It’s gotten to the point where I judge my success in Aspen not by how many days I ski, but by how rarely I have to drive to Denver International Airport to catch a flight. That’s the absolute worst feeling, ending your relaxing vacation to somewhere exotic with the grim prospect of a soul-defeating, four-hour drive — in good conditions — over two major mountain passes, from Denver back to Aspen. Bad weather? Forget it. You saw the latest horrific episode of “As the boulders fall ...” in Glenwood Canyon? Reason 1,247 not to drive to Denver.
The second you hit Interstate 70 and turn east, you’re struggling. There’s a perfectly good airport in Aspen. More expensive but worth it. Driving over Independence Pass, now that’s a different story. As a general rule of thumb, I try my darnedest not to drive to Denver when the pass is closed. Driving downvalley during the ski season? It’s right up there. Maybe once to Glenwood for takeout Indian food, but that’s about it.
Don’t hate me if I tell you I’m all for the airport redevelopment and the next generation of jets flying in here. If there’s one business that never rests on its laurels, it’s the airline industry. Right now there are people with lab coats on, holding tablets and clipboards, studying how to make airplane engines quieter and more fuel-efficient. If Aspen somehow reverted from the jet service we have now to turbo-prop puddle-jumper aircraft, which some see as a viable solution, that would be a spiteful epic fail. The hardest part is probably going to be fitting the new commercial jets with state-of-the-art chem-trail sprayers.
There was a part of me that was genuinely intrigued by being on the airport’s citizen-based steering committee. My thoughts are that it’s kind of like jury duty; perhaps they don’t let people who work for the local newspapers participate. After seeing the nominees, it looks like they have a fine selection of local dreamers, schemers and telephone-screamers.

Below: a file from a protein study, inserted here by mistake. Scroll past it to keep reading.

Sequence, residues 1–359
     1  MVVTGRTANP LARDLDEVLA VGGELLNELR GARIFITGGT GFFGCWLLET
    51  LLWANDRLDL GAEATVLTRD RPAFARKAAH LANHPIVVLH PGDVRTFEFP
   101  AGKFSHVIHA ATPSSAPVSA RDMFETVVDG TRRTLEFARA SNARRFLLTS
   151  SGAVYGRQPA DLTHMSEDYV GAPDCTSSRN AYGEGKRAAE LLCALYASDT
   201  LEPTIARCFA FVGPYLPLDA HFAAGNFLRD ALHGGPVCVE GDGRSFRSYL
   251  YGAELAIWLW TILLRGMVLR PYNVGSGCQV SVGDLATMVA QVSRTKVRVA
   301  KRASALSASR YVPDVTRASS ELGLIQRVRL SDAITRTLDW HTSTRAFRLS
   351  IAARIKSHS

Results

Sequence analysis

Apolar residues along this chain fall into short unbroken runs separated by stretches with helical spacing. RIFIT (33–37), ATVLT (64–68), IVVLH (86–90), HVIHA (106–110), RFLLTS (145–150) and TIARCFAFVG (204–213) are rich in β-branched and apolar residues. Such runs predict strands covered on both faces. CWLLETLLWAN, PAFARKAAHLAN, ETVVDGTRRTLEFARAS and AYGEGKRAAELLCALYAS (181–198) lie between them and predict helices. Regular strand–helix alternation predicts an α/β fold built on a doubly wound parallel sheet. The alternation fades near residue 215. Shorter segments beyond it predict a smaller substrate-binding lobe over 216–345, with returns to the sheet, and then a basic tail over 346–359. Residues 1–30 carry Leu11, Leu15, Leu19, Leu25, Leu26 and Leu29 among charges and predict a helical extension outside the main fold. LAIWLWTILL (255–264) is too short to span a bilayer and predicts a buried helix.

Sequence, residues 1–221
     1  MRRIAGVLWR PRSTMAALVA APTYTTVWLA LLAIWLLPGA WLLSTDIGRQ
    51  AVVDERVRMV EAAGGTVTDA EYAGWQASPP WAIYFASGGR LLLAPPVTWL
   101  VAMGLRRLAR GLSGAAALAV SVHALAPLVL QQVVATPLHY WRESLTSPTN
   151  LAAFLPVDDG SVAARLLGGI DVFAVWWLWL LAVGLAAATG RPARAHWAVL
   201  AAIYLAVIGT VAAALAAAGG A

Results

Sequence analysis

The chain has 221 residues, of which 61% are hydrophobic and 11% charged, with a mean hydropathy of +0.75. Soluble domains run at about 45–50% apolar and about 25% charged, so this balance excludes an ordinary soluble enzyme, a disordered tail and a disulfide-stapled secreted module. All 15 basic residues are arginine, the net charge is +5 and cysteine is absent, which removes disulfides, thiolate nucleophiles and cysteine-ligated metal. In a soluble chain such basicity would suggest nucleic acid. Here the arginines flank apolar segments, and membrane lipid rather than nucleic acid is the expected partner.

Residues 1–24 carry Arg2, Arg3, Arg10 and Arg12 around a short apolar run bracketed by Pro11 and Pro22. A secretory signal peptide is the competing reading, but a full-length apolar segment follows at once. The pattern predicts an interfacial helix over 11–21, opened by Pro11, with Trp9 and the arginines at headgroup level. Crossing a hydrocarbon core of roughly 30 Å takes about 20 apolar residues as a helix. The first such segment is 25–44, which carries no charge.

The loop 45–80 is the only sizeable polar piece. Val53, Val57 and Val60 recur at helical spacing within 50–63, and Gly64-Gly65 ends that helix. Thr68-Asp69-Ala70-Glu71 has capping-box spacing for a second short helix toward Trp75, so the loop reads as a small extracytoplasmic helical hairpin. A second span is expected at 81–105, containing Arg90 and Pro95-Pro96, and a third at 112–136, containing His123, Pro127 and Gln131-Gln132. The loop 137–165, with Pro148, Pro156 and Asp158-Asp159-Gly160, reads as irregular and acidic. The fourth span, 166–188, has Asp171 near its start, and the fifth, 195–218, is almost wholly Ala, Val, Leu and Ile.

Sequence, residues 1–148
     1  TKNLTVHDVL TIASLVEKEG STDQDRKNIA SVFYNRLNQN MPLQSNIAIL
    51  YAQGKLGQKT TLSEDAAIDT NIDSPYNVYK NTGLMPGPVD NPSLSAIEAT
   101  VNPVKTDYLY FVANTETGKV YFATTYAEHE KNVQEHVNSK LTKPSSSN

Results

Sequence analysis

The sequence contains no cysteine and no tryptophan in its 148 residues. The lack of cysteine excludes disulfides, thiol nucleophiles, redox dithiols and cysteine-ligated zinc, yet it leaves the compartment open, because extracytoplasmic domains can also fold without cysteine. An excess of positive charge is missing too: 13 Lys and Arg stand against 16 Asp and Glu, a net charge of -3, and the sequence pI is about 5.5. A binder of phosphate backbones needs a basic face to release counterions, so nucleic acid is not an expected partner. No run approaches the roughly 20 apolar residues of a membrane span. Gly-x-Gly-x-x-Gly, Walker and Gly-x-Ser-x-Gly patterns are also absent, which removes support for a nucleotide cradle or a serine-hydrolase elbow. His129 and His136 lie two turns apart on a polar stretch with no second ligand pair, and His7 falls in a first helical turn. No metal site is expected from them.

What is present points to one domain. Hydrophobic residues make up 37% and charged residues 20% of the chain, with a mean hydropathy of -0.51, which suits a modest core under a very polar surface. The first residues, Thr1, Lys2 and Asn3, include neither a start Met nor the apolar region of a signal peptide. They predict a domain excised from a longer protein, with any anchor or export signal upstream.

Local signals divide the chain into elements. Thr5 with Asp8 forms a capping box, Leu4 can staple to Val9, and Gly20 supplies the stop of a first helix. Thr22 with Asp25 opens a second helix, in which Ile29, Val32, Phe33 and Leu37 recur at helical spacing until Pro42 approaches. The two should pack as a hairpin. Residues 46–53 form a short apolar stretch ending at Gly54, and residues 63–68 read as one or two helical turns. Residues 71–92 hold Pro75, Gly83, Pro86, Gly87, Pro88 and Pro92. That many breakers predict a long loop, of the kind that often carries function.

Aspen is a machine. The volume of business we do and the amount of people we crank through here is staggering. The airport is a major factor in that equation. I’d estimate 70 some-odd percent of winter tourists fly in. To me more flights represents more turnover — come to Aspen, enjoy, then split. The irony is if you’re in Aspen you barely fathom jets landing and taking off every five minutes. It’s the busiest airport you don’t even realize is there. Live to the west, or abreast of it, and that’s an entirely different situation.
Over the years I’ve noticed that jets have gotten quieter. The worst offenders were the small, private single-stage jets that sound like they’re tearing a hole in the sky. Ironically a 737 landed here this winter and no one even noticed. Well, except for the commissioners who were alerted ahead of time, met it on the tarmac and were generally underwhelmed by its impact.
There was one person who took note before the newspapers reported on it — a local civilian plane spotter who goes by the Instagram handle “ASE Spotter.” The plane affectionately known as the “Whale” met our airport’s requirements with three inches of wingspan to spare. Do bigger, newer jets flying in and out of Aspen mean cheaper flights? One would hope. If you do your research, and get lucky, you can actually find good fares in and out of the Aspen airport.
The Aspen-to-L.A. direct flight is the best thing that ever happened to Aspen. You can ski a couple of runs in the morning, hop on the plane with a backpack and be eating sushi at Noma on Wilshire Boulevard by lunchtime. Flying back into Aspen is another story entirely. The commercial pilots who fly in here day in and day out are rock stars and should be treated as such.
It’s pitch black. The nose of the plane dips down through the clouds. You see lights below that look like El Jebel. Then sudden turbulence and snow — lots of it, driving, remorseless snow. Is that a gargoyle out on the ice-caked wing? It sounds like the baby in 11B is getting tortured. You think he’s screaming now, wait until he gets dropped off at ski school. The landing gear goes down, then harder snow and more turbulence. It’s a whiteout. Suddenly the pilot raises the landing gear and guns the plane out of there full-throttle to safety.
Somehow on the second attempt they put the bird with all of its pale-faced occupants down in one piece. The runway is a sheet of ice. Everyone’s stomach is in a knot. When we arrive at the gate there are no less than nine CRJ-700s stacked up at the terminal. It’s nice to leave Aspen, but it’s even a better place to come home to — especially when you fly right into Sardy Field and are snug in your own bed 30 minutes later. Here’s to never driving to DIA again.